46. Nymphomaniac, Volume 1. This one knocked me out. I’ve been wary of Lars Von Trier for a while now. Little too much arty wankery for my tastes. I tried to watch Antichrist when it came out but had to switch off after I discovered that the premise revolved around a dead child. Couldn’t do it. Sorry, Lars. But Nymphomaniac was, quite simply, a beautiful film. It would be easy to dismiss this based on the very graphic scenes depicting sex, let alone Shia Lebouf and Christian Slater’s horrible attempts at English (I assume?) accents, but beneath the exposed fondled body parts lies a haunting and crucial comment on the interplay between sex and love and family. The scenes where the protagonist’s father dies a slow and agonizing death are among the most gut-wrenching, human scenes ever committed to film. I left this one feeling like modern cinema was alive and well if this sort of thing could still be made. I had feared that we were doomed to see men in capes fighting evil for the next decade, the way trends were heading. Praise whoever greenlit this, for it is important and needs to be seen by as many people as possible.
  47. Blue Jasmine. Fantastic film. This might be my favorite Woody Allen movie now, if not it’s right up there with Annie Hall, Manhattan and Hannah & Her Sisters. I’m not sure if I’ve seen a more convincing, brilliant, chilling performance than Cate Blanchett’s in recent memory. Her portrayal of a woman on the edge was terrifying.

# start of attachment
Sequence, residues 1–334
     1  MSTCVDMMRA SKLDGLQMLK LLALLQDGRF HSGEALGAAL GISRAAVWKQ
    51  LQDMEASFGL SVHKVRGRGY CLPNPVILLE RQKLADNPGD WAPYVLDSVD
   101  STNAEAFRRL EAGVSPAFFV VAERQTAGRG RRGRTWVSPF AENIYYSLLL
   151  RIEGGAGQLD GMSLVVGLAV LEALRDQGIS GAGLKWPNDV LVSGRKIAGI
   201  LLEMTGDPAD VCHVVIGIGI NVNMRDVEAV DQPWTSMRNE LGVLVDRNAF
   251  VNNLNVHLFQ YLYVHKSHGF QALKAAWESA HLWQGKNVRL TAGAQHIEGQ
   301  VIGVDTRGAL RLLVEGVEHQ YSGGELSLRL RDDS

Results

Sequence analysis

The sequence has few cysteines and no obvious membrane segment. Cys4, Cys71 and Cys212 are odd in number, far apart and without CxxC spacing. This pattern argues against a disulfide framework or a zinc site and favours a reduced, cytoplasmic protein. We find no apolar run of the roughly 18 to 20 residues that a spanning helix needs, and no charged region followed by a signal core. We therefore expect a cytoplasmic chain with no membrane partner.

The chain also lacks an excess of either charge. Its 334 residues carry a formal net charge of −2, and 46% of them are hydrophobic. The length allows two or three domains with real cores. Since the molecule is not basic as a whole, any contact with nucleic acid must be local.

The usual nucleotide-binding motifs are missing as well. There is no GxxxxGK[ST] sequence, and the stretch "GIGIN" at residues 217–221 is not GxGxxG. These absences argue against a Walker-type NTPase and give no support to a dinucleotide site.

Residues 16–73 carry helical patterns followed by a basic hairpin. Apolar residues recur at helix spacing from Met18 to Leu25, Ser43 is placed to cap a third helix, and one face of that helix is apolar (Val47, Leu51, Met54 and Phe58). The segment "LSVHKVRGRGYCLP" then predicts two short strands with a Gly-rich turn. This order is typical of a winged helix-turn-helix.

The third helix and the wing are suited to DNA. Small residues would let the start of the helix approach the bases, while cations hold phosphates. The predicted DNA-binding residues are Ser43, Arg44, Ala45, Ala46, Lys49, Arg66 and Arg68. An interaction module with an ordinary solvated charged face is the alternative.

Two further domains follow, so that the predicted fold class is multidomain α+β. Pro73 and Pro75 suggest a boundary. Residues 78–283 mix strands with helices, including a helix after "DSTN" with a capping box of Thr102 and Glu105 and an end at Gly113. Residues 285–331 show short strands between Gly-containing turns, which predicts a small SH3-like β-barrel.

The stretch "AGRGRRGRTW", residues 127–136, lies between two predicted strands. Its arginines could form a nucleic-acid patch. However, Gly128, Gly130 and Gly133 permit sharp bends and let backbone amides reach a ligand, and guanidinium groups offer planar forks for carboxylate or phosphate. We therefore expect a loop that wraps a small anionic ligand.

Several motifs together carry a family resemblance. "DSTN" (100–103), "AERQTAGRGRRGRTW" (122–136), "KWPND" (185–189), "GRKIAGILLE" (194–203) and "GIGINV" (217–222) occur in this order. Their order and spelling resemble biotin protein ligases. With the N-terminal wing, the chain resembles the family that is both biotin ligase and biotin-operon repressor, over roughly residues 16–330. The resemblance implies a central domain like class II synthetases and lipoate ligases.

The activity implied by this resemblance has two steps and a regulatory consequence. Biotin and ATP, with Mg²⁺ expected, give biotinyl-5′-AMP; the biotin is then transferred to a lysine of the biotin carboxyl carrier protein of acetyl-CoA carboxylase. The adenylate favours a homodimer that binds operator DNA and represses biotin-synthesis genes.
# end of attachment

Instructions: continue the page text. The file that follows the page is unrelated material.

48. St. Vincent. I’m not sure if I’ve seen a Bill Murray performance that I didn’t like in some way. I imagine it must be the way he is so human in just about everything he’s in. This was a nice little film. Great performance from Jaeden Lieberher as the latchkey kid. Good to see Melissa McCarthy act in a semi-serious role as well.
  49. The Interview. Forget the hullabaloo surrounding this, if you can. What lies underneath is a movie that basically isn’t as funny or shocking as it seems to think it is. Seth Rogen can elevate most anything he’s in, but even he can’t do much with this. And I might have to boycott anything that James Franco is in from now on. He can’t act and I think he’s been told he’s handsome one too many times. I suspect he is his own biggest fan.